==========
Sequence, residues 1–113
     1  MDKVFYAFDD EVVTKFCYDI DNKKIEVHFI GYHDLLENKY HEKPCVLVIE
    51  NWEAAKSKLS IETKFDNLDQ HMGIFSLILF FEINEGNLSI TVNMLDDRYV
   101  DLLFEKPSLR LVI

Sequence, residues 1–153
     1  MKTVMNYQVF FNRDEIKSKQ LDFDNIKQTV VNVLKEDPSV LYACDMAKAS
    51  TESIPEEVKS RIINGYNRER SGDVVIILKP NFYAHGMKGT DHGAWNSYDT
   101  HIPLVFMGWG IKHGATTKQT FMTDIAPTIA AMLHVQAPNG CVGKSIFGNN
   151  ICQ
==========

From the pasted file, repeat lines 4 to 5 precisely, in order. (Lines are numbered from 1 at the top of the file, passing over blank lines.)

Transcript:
   101  DLLFEKPSLR LVI

Sequence, residues 1–153